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Dr. B.
Dr. B., Veterinarian
Category: Dog Veterinary
Satisfied Customers: 16267
Experience:  Hello, I am a small animal veterinarian and am happy to discuss any concerns & questions you have on any species.
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My 13 yr old dog thumbs her nose up at food.. she is drinking

Customer Question

My 13 yr old dog thumbs her nose up at food.. she is drinking a lot of water and is voiding normal. She has loose stool and small amount. She has sort of a horrible cough? She is my life and I'm very worried.
Submitted: 1 year ago.
Category: Dog Veterinary
Expert:  Dr. B. replied 1 year ago.
Hello & welcome, I am Dr. B, a licensed veterinarian and I would like to help you with your wee one today.
How long has she been showing these signs?
Did the cough start the same time as all her other signs?
Any nasal or eye discharge?
Any vomiting, retching, drooling, gagging, gulping, or lip licking?
Did she start refusing food suddenly or was it a gradual decline?
Are her gums nice and pink (not white/pale)?
If you press on her belly, does she have any tensing, tenderness, discomfort, or pain?
What does her stool look like?
Is she also passing large volume of dilute urine?
Customer: replied 1 year ago.
Cough has been for a couple months, symptoms of not eating has been for 2 weeks, she will nibble. her gums are pink. She has tenderness when I press on her belly but she has favored that since she had uterus removed 2 yrs ago.. she does have a hard lump on her stomach. No vomiting, drooling, retching or gagging. And does have eye discharge. Her stool looks mucusy.
Expert:  Dr. B. replied 1 year ago.
Thank you,
Now your lass does sound to have a few issues bombarding her at the moment. To start, I suspect the decline stool volume is related to her reduced appetite and the mucusy soft stools are likely a secondary opportunistic issue (ie GI bacterial overgrowth, etc). Those aside, our major concerns are the lingering cough, the appetite loss, and especially the increased thirst.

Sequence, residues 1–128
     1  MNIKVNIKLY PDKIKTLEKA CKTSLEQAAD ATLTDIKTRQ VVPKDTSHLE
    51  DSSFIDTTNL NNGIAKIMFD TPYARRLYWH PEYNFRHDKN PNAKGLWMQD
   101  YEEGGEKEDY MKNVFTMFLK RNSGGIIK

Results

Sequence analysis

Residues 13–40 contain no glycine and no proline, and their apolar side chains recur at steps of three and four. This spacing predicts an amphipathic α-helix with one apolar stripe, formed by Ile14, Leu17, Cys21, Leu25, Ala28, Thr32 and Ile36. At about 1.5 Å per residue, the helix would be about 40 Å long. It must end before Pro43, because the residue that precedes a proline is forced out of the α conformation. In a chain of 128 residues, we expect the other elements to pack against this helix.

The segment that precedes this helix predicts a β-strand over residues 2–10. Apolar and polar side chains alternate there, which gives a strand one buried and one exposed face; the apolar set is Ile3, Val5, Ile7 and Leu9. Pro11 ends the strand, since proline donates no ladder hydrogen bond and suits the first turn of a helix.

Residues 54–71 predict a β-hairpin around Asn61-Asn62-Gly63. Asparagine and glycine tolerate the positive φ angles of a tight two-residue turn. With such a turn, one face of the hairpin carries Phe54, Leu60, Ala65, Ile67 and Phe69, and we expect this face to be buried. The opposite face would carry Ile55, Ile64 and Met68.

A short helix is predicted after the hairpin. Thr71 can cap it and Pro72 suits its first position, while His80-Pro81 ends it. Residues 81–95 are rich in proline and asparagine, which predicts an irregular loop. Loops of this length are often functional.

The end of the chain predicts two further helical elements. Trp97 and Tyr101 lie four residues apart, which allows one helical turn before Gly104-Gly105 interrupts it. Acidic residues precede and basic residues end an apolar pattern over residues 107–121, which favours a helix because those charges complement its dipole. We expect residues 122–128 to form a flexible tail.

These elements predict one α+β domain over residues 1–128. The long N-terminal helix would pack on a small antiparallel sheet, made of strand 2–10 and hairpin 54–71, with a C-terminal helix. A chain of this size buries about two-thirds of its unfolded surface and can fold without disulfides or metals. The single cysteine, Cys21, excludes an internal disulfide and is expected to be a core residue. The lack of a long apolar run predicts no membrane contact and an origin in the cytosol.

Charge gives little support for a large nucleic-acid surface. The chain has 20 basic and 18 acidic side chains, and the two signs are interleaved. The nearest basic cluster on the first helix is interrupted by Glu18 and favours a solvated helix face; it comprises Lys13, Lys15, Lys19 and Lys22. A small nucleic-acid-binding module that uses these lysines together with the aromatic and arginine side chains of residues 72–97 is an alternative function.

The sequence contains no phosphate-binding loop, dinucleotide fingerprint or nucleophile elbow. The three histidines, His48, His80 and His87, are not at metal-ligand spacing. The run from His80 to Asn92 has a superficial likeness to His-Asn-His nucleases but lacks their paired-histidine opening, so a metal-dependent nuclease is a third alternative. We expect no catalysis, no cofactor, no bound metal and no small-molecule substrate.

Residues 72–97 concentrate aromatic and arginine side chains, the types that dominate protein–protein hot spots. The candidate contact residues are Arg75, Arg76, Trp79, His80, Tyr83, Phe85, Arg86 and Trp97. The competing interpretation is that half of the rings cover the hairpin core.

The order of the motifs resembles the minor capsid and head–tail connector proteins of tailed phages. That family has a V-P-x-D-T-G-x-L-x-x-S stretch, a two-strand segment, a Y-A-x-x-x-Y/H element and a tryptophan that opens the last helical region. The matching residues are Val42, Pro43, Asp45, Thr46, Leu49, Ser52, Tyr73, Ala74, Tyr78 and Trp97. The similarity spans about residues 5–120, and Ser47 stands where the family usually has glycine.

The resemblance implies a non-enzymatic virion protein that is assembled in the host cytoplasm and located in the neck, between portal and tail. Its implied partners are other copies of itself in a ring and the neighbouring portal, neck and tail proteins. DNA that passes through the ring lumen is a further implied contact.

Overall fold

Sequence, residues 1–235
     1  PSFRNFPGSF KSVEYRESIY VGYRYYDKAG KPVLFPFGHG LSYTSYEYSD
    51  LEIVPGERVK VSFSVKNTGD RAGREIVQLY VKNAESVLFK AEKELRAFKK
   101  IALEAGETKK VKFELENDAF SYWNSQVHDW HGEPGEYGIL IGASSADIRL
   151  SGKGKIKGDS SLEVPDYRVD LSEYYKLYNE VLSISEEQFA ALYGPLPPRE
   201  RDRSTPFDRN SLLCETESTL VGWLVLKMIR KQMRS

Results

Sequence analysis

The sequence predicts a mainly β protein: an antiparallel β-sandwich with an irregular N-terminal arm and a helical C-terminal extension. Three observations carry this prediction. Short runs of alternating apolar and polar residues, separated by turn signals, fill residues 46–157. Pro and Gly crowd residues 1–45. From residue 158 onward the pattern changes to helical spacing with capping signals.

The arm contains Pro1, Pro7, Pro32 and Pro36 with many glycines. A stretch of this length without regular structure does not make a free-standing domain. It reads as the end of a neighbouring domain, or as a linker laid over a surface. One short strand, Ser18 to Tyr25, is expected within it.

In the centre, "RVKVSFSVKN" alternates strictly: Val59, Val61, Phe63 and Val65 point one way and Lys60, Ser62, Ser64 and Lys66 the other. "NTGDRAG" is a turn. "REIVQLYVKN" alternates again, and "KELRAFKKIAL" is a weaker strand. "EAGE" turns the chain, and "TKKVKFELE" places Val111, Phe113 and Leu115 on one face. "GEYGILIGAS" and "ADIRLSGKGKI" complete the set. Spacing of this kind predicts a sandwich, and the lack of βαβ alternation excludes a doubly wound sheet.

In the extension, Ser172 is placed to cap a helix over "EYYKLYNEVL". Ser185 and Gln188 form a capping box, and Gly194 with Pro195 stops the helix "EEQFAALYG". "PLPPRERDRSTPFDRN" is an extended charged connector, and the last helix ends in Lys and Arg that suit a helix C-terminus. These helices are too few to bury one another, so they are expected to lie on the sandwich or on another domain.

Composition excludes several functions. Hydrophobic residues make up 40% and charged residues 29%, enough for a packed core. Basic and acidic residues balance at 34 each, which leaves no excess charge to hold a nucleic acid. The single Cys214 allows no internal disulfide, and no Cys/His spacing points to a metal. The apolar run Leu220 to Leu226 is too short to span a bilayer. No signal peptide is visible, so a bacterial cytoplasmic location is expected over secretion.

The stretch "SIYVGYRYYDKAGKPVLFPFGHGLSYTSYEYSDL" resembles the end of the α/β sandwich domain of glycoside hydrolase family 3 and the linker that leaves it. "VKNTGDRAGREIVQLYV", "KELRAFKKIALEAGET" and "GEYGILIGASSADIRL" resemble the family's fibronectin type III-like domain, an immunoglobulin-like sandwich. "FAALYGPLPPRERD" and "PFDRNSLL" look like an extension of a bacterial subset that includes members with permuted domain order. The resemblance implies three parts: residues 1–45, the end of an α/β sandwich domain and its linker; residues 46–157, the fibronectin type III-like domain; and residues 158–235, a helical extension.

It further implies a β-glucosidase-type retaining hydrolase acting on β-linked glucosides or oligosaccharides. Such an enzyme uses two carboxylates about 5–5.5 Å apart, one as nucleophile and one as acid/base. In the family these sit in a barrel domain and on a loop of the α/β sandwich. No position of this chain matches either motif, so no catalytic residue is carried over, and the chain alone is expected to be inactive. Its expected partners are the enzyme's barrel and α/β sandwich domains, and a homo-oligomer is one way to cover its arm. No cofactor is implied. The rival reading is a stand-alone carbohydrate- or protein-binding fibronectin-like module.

With these in mind, can you tell me when the increased thirst started?
In the past 2 weeks or long term as well?
Has the cough been quite harsh or soft?
Does she bring anything up when she has a coughing fit?
Does her belly look distended at all?
Customer: replied 1 year ago.
The increased thirst started with the decline in appetite. And the cough is more of a gagging sound I guess but she only does it once. Then seems fine, it happens a couple times a day. Her belly is distended. She has been over weight since her hysterectomy. Her breathing seems labored as of today. I look at her at she just wags her tail.
Expert:  Dr. B. replied 1 year ago.
Thank you again,
Now I have to say that I am quite concerned about your lass.
With all her signs, it is a case of teasing out what is related to the primary issue and what are side effects of it. If her thirst has only increased since the appetite has dropped; then this may not be clinically significant. We are likely see her lack of water intake via food translate to drinking more. Again, as I noted, the stools are also likely a secondary issue.
With this all in mind, we have to appreciate that the cough is likely related to our main concern for her. And while we can see coughs with infection, the extended duration of her signs, distension (especially if she feels like a water balloon and isn't just fat) and her elevated labored breathing make me worried that this condition is coming to a head. And these signs raise concerns that this condition may be related to her heart. We can often see all of these signs with heart disease. Other potential issues we'd also have to consider would be heartworm infections, lung worm, chronic bronchitis, pneumonia, and tumors involving the lungs.